In an effort to elucidate the reason for the failure of the cbs (−/−) mouse model to exhibit altered hemostasis or the failure of betaine to influence the birth incidence of the null genotype, we performed an analysis of metabolites relevant to the methionine cycle in tissues and plasma of wild-type, cbs (+/−) and cbs (−/−) mice. For the tissue analysis, we determined the levels of non-protein bound Hcy, cysteine and glutathione in liver, kidney, brain, heart and calf muscle as described in the Materials and methods section. We observed (Fig. 5A) significant increases in the free homocysteine (fHcy) content in all of the tissues assayed from the cbs (−/−) mice compared to normal controls. The scale of the increase in fHcy varied significantly between the different tissues assayed in the cbs (−/−) mice. The liver, brain and kidney exhibited a 24-, 30- and 19-fold increase in fHcy levels, respectively. It is interesting to note that tissues that do not normally express the transsulfuration pathway such as heart and muscle exhibited very high increases in fHcy content in the cbs (−/−) mice (31- and 63-fold, respectively). With regard to cbs (+/−) mice, there was a statistically significant increase in the fHcy content of the liver compared to wild-type controls (p = 0.02), but there was no significant increase in any of the other tissues assayed. We observed statistically significant depletion of cysteine and glutathione in the livers of the cbs (−/−) (p = 0.007 and 0.003, respectively) compared to WT mice (Fig. 5B). There was no statistically significant difference in the cysteine or glutathione levels in any of the other tissues investigated.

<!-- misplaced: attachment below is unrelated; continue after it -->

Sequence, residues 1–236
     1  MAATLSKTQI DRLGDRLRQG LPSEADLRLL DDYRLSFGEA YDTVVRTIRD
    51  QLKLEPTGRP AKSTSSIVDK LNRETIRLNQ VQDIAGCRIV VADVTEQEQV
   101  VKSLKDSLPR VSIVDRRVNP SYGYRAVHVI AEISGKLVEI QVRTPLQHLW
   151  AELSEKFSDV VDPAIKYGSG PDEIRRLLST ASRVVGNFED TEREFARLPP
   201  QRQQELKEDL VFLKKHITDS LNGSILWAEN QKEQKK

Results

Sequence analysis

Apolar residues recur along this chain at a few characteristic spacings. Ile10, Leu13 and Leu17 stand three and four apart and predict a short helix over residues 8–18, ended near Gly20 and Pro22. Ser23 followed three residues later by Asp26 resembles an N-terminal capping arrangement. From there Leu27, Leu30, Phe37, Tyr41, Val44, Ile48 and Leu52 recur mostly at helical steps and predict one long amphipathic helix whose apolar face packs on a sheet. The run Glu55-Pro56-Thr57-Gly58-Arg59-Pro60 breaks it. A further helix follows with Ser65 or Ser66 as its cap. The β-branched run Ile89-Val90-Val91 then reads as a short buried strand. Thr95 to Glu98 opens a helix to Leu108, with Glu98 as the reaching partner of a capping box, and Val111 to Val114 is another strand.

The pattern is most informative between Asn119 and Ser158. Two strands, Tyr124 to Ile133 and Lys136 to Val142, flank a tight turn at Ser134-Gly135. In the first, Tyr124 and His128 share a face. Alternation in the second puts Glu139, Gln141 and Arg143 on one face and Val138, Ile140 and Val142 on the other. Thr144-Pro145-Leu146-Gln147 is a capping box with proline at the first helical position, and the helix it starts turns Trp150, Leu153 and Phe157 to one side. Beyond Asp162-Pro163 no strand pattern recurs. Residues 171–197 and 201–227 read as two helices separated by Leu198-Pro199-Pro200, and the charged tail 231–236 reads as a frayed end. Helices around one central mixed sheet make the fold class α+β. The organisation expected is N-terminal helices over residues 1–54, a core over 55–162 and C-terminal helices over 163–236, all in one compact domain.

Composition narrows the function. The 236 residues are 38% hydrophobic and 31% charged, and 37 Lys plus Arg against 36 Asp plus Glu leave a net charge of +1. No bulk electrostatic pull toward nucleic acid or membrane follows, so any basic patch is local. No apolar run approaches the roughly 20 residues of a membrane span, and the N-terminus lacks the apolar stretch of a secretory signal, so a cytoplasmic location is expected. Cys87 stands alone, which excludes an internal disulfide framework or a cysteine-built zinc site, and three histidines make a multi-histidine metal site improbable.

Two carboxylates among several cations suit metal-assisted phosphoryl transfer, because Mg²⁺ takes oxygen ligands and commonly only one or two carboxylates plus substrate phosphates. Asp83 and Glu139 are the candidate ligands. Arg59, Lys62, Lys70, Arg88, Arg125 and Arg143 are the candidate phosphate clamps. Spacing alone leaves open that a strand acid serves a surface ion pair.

In our plasma analysis, we determined the relative levels of tHcy, methionine, cysteine, cystathionine, alpha-ketobutyrate, serine, glycine, dimethylglycine (DMG), methylglycine (MG), AdoMet and AdoHcy in wild-type, cbs (+/−) and cbs (−/−) mice (Table 1). The cbs (−/−) mice exhibited significant increases in plasma tHcy, methionine, AdoMet and AdoHcy levels (p < 0.0001 for all four metabolites) compared to wild-type controls. In the same animals, cystathionine levels were effectively reduced to zero and cysteine was also reduced by approximately 50% (p < 0.0001).
In our search for an explanation for the failure of betaine to rescues the semi-lethal phenotype of the cbs (−/−) mice, we performed an analysis of the plasma methionine cycle metabolites of cbs (−/−) mice in the presence and absence of 4 weeks of betaine treatment. We observed that betaine treatment resulted in a significant increase in plasma methionine (p = 0.0027), DMG (p = 0.02) and MG (p < 0.0001) levels (Fig. 6), indicating that the compound has been absorbed from the drinking water and that some remethylation of Hcy has taken place. However, our analysis revealed that betaine treatment did not significantly reduce the plasma level of tHcy in cbs (−/−) mice (p = 0.754).